Here is a story about the last day of this year's IWC meeting. Please use it in any way you may wish. It will be posted on our web site (www.orcalab.org) soon, along with some photos.
IWC 2009 June 23Greenland humpbacks: to kill or not
The morning session of IWC 61 (’09) Day Two was taken up by discussion of the “future” of the IWC, and the need to continue Chairman Hogarth’s efforts to resolve the deadlock that has arisen in negotiations, i.e. the failure of wishful thinking. The meeting was presented with a draft document titled “Consensus resolution on the extension of Small Working Group on the Future of the IWC until the 62nd Annual Meeting of the Commission” and asked to approve it. Getting the issue softly out of the way would have allowed the meeting to move on to other matters, and apparently this is what Chairman Hogarth expected to happen. After all, he had virtually been assured of consensus agreement at a private (read secret) Commissioners-only meeting on Sunday. Possibly some delegates weren’t paying attention, or else second thoughts had occurred in the interim, because many voices suddenly wanted to be heard. Predictable positions emerged as plainly as ever, making it quite clear that consensus was absent in the room. India contributed its belief that the 21st century should be dedicated to the recovery of whale populations after centuries of exploitation, a sentiment shared by many. Sadly and ominously, a dour note was sounded when a proposal to delete the reference to “a strong belief in maintaining healthy populations of whales and especially in the restoration of severely reduced populations” from the resolution. If not this, what, opined one observer, is the IWC about? Fortunately, Russia provided a light moment, amiably describing the establishment of a small smoking group with some Pacific Islanders, with the intention of studying the effects of the rain on this activity.
After lunch, things became far darker. The agenda item was the report of the Aboriginal Subsistence sub-committee, but the meat of the afternoon session was in Greenland’s request to add the deaths of 10 humpback whales to the long list of cetaceans if kills annually to feed its people, and incidentally create profits for supermarket retailers and whale product wholesalers. Yes, Greenland’s aboriginal whalers are partly commercial whalers. Aboriginal subsistence needs are generally regarded sympathetically by IWC members, but humpbacks have been a much beloved iconic species for decades. Virtually anyone, including Greenlanders, who propose making humpbacks gush their life’s blood as they experience agonizing death, can expect opposition. This must have been Greenland’s expectation, because until last night, during a fun-filled reception hosted by Madeira’s government, no one (apart from the proponents) knew what was about to happen. Greenland had submitted its proposal to the Secretariat at the last possible moment yesterday, and it had not been reviewed, as is customary, by the Aboriginal Subsistence sub-committee.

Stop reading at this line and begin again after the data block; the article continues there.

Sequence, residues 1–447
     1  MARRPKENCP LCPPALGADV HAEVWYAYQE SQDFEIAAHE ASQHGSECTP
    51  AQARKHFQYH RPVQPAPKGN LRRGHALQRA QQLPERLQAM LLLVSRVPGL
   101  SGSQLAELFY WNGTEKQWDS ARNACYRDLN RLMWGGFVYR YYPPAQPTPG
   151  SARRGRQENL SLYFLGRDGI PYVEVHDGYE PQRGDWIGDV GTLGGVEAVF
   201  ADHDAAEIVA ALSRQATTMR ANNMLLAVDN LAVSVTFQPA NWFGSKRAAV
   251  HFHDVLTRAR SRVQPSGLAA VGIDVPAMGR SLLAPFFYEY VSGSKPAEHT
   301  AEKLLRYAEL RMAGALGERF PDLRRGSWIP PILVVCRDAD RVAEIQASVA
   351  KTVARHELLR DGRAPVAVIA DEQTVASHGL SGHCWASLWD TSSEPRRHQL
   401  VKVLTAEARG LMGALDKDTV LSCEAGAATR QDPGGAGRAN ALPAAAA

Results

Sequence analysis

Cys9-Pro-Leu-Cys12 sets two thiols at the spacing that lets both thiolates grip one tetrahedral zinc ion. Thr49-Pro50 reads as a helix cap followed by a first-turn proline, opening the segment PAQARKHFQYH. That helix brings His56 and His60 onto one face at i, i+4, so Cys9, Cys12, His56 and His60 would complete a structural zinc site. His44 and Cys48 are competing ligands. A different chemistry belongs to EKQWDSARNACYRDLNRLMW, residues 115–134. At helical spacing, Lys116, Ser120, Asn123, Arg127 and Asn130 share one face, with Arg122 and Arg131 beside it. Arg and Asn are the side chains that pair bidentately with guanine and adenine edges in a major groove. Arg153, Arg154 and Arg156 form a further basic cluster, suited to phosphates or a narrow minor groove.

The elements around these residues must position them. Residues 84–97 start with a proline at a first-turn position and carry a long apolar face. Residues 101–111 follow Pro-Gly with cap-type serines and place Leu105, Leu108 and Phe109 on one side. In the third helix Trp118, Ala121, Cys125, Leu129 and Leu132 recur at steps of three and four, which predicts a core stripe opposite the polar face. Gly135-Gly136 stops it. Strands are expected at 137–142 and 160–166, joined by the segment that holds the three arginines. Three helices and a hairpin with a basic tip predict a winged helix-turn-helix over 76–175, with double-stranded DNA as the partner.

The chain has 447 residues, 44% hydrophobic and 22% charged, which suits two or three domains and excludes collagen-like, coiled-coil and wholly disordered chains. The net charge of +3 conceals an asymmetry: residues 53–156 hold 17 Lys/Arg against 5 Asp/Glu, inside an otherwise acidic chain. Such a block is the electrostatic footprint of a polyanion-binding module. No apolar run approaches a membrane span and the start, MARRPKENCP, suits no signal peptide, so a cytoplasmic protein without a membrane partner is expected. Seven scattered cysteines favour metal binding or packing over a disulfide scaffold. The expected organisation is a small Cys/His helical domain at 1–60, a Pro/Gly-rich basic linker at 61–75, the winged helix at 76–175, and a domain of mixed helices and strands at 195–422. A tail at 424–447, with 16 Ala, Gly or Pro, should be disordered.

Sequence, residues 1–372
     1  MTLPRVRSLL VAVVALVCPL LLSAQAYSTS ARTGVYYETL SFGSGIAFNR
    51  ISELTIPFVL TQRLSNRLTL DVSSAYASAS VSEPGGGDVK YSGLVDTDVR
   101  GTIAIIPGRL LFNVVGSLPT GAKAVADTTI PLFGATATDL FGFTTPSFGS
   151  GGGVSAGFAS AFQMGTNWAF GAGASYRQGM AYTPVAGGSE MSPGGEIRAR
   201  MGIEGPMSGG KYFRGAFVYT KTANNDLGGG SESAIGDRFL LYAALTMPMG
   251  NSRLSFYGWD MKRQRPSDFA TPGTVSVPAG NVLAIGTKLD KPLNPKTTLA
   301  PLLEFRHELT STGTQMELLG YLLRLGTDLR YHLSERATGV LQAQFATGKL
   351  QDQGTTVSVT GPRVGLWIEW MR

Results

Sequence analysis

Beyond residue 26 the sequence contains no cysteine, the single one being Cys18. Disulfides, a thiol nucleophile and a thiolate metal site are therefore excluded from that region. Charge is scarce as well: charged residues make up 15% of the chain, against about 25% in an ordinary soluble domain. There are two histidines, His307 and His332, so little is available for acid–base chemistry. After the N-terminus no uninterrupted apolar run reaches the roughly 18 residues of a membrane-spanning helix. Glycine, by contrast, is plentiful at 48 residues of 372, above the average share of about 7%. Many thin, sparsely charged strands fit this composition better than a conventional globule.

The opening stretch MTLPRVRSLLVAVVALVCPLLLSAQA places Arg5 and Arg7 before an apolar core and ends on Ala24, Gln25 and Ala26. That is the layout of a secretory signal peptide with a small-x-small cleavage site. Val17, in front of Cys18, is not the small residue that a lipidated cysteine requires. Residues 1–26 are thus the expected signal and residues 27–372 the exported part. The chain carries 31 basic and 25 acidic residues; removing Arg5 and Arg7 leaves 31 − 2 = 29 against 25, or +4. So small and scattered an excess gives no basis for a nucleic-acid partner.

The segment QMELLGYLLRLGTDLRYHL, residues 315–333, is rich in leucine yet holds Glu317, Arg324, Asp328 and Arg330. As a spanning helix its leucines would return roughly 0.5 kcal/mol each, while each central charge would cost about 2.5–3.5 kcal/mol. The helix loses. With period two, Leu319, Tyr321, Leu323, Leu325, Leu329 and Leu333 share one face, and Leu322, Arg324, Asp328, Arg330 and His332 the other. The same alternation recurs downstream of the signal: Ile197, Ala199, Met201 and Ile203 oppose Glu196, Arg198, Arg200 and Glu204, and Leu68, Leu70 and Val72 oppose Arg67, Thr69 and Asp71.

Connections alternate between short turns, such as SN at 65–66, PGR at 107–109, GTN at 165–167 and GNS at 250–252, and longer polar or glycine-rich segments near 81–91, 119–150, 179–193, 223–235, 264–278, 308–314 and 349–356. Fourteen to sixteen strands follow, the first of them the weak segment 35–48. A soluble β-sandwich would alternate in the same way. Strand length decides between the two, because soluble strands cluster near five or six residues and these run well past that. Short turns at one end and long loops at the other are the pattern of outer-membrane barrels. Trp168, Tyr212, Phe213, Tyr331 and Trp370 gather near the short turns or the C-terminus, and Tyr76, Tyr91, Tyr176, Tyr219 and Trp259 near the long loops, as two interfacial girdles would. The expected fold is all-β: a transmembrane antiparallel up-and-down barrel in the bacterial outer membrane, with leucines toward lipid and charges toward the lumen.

Last year, when Greenland (Denmark) proposed killing humpbacks, the IWC refused permission. This time round, though the proposal is the same, i.e. 10 humpbacks to be killed each year, the outcome is far less clear. The problem lies in the decision by the group of IWC members who belong to the European Union. Even though the EU is not a member of the IWC, the group of 24 EU countries that are members decided to vote as a bloc before this year’s meeting started. Suddenly, they are immersed in a nightmare. One of them, Denmark, is the proposer; others (e.g. Sweden) want EU members to abstain, knowing perfectly well that if they do so, Greenland’s wish will be granted. Getting consensus about a common position among the EU members in this room suddenly looks about as likely as Chairman Hogarth’s prospects for getting consensus about the future direction this chaotic organization will go in.
Tomorrow, the NGOs will have a chance to speak, 3 on each side of the barrier, for 5 minutes each. Perhaps rays of light, or pearls of wisdom will descend on this room under the volcanoe. We can only hope.
With thanks to WDCS bloggers
IWC 2009 June 24, 2009On the edge